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Post By
Tiger Shark

In Reply To
The Black Guardian

Subj: I Don't Think It's 'Patently False' - Continuity In The 70s Was Tight
Posted: Tue Feb 26, 2008 at 09:57:23 am EST
Reply Subj: Re: Continuity
Posted: Mon Feb 25, 2008 at 07:18:13 pm EST

Previous Post

> What I think is a problem with Marvel these days is the question of
> continuity. When I first read Marvel comics in the 70s what struck me
> was that what happened in one title (f.i. FF) mattered in another one
> (f.i. DD). All those books made up one big universe.
> Today we have nothing of this.

That's patently false.

> We have a Spider-Man who is full-time member of the New Avengers. We
> have a Spider-Man who in Marvel Adventures is a teenager in love with
> Liz Allen. We have a Spider-Man who is a 30 years old teenager who
> wants to be fed cookies by his elderly aunt. We have a Spider-Man who
> is father of a teenager. We have an Ultimate Spider-Man who whatever.
> What all these worlds connects nobody knows.

Could have sworn practically everybody knew.

> Same for X-Men, FF, Avengers. Nothing matters anymore. If something
> does not stick, rectify it (and be it with magic). There is no risk,
> so there is no fun.

Nothing has really changed in this regard, except, it used to be that there was no risk. Today there is risk aplenty.
____________________


The Legend of LIONMAN and the Seven Kurodos
Experience The Bijou


It's not LITERALLY true that every single event and story in every regular title was reflected or acknowledged in the others, but when there was necessity to do so for the sake of the stories, then Yes, there was acknowledgement of what was happening in, say, Iron Man or Spider Man.

The good thing was that the editors at Marvel then didn't feel the need to harnass all the titles into long semi-cross-overs and 'tie-ins' as today, when the MU has become reductive and claustrophobic, with one mindless disaster after another---look how many times the X-mansion has been destroyed in the last 5 years--3? 4? 5? It's absurd.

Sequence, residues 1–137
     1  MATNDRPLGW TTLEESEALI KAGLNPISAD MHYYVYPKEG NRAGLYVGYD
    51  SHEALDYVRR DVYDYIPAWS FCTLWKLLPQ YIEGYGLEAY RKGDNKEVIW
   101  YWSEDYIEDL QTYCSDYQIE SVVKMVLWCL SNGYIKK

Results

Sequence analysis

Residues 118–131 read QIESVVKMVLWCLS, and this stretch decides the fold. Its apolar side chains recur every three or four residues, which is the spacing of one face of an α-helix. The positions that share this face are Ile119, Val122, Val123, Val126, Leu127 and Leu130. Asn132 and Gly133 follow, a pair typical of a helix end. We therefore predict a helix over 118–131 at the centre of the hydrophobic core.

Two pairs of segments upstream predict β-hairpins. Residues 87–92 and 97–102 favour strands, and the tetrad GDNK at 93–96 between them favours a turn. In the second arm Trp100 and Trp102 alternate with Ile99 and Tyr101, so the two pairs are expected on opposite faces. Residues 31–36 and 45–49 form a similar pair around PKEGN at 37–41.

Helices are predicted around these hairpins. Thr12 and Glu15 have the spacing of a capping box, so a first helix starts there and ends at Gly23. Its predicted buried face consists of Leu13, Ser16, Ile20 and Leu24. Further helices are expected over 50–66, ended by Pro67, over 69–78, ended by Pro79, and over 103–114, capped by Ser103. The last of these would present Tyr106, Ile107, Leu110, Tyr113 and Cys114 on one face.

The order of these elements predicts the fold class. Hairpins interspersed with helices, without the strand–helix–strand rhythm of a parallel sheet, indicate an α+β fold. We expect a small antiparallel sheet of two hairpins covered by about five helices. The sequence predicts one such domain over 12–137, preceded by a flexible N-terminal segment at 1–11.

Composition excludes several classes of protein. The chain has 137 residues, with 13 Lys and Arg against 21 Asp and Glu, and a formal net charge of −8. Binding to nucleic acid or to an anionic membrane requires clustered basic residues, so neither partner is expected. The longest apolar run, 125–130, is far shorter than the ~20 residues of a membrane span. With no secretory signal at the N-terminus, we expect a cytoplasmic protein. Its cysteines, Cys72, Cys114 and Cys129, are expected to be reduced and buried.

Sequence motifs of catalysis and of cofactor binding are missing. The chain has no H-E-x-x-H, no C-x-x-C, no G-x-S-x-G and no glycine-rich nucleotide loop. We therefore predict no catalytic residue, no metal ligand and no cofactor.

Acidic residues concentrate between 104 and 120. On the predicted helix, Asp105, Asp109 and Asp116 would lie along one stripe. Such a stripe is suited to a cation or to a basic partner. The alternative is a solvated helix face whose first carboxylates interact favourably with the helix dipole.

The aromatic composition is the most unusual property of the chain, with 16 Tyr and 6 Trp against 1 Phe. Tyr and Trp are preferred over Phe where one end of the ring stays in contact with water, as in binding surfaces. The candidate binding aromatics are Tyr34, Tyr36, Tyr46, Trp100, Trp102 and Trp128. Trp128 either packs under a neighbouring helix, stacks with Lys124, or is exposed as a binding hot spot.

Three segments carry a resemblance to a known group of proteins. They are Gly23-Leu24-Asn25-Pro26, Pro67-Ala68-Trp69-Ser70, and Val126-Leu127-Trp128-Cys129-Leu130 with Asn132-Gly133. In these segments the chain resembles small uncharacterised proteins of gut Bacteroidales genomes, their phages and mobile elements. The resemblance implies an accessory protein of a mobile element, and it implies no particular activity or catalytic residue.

Then, seemingly out of the blue, we could get a cool FF single issue featuring a new attack by Diablo, or the reemergence of the Brute, or, in Daredevil, a scheme by the Jester or the Death-Stalker, or the Hulk might come upon an alien colony in the Nevada desert.

There was a sense of freedom and that anything could happen--and everything did!

And when an acknowledgement of what was happening in another title was seen as necessary or desirable, we saw it.

It was a unified universe of great complexity.

Quite the opposite of what we have before us today for the most part. Only 'Conquest' and a few other mini-series have that feel.

And 'Conquest' does a hugely admirable job of it, with the Super Adaptoid, Ultron, Blastaar, Moondragon, Adam Warlock, Mantis, Groot, the Dragon of the Moon, Star Lord, Ronan, the Wraith, and others all beautifully presented--and accurately.

And yes, the characters in Conquest actually progress and move forward as characters! Heavens. The X-franchise should be so lucky, and the Avengers too.

It's almost too much to expect from Marvel today, which isn't marvelous by and large, with its tepid New Avengers, HOM, Civil War, M-Day crap, etc.

Conquest gives us the 'sense of wonder, which I think is all-important to this medium.






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